I think you might be confusing phalanx:
Each individual hoplite carried his shield on the left arm, protecting not only himself but the soldier to the left. This meant that the men at the extreme right of the phalanx were only half-protected. In battle, opposing phalanxes would exploit this weakness by attempting to overlap the enemy's right flank. It also meant that, in battle, a phalanx would tend to drift to the right (as hoplites sought to remain behind the shield of their neighbour). The most experienced hoplites were often placed on the right side of the phalanx, to avoid these problems. Some groups, such as the Spartans at Nemea, tried to use this phenomenon to their advantage. In this case the phalanx would sacrifice its left side, which typically consisted of allied troops, in an effort to overtake the enemy from the flank. It is unlikely that this strategy worked very often, as it is not mentioned frequently in ancient Greek literature.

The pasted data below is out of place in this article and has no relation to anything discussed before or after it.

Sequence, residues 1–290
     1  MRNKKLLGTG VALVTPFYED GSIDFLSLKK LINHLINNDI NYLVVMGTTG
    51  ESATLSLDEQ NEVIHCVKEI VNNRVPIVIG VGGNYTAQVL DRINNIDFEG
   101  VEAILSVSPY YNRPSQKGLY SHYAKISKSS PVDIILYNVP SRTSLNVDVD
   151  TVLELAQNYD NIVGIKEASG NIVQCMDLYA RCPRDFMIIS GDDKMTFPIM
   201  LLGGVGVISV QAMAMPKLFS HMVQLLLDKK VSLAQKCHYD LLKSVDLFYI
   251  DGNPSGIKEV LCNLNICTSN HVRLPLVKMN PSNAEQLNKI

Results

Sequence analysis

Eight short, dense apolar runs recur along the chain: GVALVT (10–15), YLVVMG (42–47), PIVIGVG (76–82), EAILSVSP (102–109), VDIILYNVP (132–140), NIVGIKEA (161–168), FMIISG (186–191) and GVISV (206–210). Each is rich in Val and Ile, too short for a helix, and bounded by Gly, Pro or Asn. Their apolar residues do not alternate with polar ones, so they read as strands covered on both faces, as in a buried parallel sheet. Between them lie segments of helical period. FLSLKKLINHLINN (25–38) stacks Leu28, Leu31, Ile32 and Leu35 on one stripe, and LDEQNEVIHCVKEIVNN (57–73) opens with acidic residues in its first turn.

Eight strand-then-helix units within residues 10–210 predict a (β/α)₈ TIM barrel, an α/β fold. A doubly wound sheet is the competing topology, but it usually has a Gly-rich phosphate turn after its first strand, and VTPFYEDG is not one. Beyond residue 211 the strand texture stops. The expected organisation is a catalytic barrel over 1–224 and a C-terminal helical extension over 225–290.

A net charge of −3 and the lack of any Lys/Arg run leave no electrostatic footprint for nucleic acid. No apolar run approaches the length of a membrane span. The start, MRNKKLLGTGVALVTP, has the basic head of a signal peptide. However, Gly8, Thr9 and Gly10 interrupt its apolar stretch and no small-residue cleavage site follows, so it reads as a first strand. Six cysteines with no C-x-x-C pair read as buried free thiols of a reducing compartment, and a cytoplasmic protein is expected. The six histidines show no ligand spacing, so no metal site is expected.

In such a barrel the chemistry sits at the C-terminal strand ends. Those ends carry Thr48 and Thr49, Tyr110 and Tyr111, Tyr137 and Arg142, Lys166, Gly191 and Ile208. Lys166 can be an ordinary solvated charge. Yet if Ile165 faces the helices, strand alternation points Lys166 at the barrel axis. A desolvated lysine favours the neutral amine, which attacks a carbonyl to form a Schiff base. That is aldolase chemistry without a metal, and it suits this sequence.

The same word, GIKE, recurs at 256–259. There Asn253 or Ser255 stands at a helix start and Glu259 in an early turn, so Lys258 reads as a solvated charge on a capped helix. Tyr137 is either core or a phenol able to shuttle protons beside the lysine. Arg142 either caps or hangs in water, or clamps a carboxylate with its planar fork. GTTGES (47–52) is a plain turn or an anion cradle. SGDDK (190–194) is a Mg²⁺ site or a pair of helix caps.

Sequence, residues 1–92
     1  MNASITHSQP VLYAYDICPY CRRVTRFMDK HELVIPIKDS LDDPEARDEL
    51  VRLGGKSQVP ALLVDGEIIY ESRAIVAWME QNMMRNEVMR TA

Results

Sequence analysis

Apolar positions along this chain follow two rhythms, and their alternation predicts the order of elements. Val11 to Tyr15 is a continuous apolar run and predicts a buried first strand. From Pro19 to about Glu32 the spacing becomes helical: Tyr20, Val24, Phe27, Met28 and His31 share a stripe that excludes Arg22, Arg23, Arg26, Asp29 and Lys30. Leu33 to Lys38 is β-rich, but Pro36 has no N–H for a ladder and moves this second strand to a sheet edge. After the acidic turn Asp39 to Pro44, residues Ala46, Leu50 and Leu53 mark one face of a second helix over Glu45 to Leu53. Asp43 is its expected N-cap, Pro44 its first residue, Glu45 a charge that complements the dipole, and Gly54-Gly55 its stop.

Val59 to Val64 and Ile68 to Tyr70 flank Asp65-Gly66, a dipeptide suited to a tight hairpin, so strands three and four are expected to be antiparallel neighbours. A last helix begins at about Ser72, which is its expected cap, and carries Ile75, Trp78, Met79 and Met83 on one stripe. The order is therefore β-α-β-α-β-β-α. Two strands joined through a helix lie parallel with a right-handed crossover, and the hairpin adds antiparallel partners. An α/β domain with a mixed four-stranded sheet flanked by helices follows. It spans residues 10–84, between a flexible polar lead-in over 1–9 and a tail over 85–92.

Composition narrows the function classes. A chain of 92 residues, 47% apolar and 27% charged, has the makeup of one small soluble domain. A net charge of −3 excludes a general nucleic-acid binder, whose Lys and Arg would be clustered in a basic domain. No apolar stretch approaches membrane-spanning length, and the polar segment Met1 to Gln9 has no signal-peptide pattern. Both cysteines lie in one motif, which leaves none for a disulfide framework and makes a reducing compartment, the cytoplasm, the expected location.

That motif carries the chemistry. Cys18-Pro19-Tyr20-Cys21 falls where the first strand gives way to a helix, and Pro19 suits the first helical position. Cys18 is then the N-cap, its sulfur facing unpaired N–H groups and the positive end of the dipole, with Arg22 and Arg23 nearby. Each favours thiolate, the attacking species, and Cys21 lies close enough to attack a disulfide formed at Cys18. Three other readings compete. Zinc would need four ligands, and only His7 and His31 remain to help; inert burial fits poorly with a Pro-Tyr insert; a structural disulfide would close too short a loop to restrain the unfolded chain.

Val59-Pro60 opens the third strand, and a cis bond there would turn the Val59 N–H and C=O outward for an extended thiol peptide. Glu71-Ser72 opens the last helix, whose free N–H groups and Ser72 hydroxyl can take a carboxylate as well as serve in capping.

During deployment in the Republican era, the maniples were commonly arranged in triplex acies (triple battle order): that is, in three ranks, with the hastati in the first rank (that nearest the enemy), the principes in the second rank, and the veteran triarii in the third and final rank as barrier troops, or sometimes even further back as a strategic reserve. When in danger of imminent defeat, the first and second lines, the Hastati and Principes, ordinarily fell back on the Triarii to reform the line to allow for either a counter-attack or an orderly withdrawal. Because falling back on the Triarii was an act of desperation, to mention "falling on the Triarii" ("ad triarios rediisse") became a common Roman phrase indicating one to be in a desperate situation.